Additionally. marigold leaves are often slightly lobed and have a textured surface. So draw a central vein extending from the base of this leaf, then add extra lines branching outwards to the edges for a better effect.

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Step 10: To elevate the leaf drawing to the next level, try another one that might be folding and winding.

To start, imagine the centerline of the leaf where it folds or curls. Then, draw a slightly curved line that follows this centerline.

Draw a wavy line on one side of the leaf representing a fold or a curl. On the opposite side, draw another curved line that suggests the leaf winding around its central vein.

Finally, refine the shape and add details to enhance its look.

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Step 11: When you’ve already nailed different ways to draw the leaves, add more to the main stem and branch. Again, it’s crucial to let them appear differently in shape, size, direction, and how they curve or fold.

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Step 12: Coming to this step of coloring is a sign that you’ve nearly finished this tutorial.

We’ll start with the flower head first. As we’ve mentioned, marigolds are known for their stunning and vibrant colors, particularly shades of golden yellow and warm orange. Based on this fact, let’s begin with a coat base of yellow.

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Step 13: With a slightly darker shade of yellow, add another layer of color to create texture. Remember to leave some areas lighter to create highlights, usually at the petals’ tips.

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Step 14: In this step, apply a dark orange color to the base of each petal where they meet the central disc, extending a bit to its middle. Now, you might realize how vibrant and eye-catching your marigold turns out to be.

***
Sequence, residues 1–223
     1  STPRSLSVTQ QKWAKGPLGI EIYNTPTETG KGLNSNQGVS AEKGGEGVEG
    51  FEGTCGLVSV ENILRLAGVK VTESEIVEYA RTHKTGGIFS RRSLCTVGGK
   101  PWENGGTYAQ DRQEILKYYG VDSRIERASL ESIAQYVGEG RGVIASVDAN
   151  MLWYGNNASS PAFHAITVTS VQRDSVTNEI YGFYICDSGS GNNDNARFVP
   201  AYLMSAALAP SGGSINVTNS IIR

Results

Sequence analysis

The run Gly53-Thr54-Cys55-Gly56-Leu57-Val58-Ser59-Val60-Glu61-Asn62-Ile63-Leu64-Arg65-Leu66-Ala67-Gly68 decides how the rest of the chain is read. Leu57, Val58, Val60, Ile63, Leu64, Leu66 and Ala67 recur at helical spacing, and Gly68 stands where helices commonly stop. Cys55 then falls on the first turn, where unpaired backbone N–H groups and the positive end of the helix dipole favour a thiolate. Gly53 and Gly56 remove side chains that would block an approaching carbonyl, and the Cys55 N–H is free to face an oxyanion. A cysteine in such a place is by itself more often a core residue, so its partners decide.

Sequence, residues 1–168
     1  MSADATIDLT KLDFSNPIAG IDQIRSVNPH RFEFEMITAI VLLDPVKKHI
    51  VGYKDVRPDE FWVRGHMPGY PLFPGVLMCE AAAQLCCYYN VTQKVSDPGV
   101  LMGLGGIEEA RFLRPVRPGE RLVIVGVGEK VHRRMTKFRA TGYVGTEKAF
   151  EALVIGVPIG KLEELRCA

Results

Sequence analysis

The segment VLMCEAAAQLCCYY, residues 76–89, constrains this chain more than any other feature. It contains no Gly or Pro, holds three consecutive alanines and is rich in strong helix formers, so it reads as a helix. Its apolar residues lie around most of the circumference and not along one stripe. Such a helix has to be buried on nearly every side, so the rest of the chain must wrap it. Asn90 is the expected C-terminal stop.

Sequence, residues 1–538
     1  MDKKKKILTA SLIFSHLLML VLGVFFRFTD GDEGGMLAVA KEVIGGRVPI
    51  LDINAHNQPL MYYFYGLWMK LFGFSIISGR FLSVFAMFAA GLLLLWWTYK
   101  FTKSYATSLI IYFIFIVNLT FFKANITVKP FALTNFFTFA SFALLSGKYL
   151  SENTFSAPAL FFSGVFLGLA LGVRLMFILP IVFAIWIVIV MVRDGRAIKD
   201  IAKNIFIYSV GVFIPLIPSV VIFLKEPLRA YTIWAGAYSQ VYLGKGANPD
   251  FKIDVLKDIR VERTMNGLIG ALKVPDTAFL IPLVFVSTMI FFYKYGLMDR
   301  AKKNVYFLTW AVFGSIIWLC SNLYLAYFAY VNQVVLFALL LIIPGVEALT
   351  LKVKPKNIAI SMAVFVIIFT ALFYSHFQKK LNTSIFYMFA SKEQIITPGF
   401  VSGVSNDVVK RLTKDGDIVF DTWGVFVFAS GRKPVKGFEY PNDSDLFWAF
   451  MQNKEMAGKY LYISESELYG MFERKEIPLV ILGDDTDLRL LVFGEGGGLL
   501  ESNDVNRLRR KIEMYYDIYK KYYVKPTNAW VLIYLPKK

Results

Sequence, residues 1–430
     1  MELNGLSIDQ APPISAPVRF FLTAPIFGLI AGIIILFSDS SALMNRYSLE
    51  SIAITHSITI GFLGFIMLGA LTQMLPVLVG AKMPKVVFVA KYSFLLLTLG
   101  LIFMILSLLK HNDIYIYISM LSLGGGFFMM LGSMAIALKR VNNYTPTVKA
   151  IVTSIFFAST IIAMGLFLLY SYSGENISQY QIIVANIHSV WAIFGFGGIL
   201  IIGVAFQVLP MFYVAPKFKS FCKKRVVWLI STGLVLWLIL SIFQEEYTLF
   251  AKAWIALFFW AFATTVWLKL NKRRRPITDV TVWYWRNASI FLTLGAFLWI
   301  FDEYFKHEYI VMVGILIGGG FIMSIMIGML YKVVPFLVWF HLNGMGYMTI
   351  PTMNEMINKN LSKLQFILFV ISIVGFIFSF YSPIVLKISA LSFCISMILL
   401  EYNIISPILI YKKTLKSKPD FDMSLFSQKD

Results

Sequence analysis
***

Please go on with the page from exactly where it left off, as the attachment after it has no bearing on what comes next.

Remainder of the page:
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Step 15: Don’t forget to blend the yellow and dark orange colors where they meet. This will create a smooth transition between the two shades.

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Step 16: Moving onto the stem, use smooth and even strokes to cover the entire stem with green.

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Step 17: For the leaves, use the same light or medium shade of green that you used for the stem. Apply smooth strokes, covering the entire leaves except for some of their tips or edges areas.

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Step 18: Now, add dimension to the stem and leaves with a darker shade of green.

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Step 19: Then, apply a much darker shade for the final touch. It’s usually used in areas at the base or middle, where the leaves intertwine, fold, or curve.
Finally, it’s time to take a few steps back to review your drawing and make any adjustments if needed.

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Final Step

We’re so glad you’ve finished this tutorial on how to draw a marigold. Big applause to you!

While it’s essential to revise those drawing and coloring techniques we’ve shared (from layering each petal to blending different colors), we’re looking forward to seeing an upgraded version of your marigold.

Need some ideas for developing? Well, we encourage you to play with different backgrounds (our picture below is an example). There’s no need to make it complicated; a colored backdrop is all you need to enhance the flower’s prominence.

Interested in colors? Then, delve into color blending techniques by softly layering shades besides yellow-orange. Meanwhile, observe the light and shadow to practice creating realistic shading to enhance three-dimensionality.

It’s also great to push your skills further by incorporating various textures. Focus on creating a tactile sensation in your drawing – whether it’s the crinkled texture of the marigold petals or the smoothness of its central disc.

Feel free to experiment. We hope you enjoyed your time spent with us!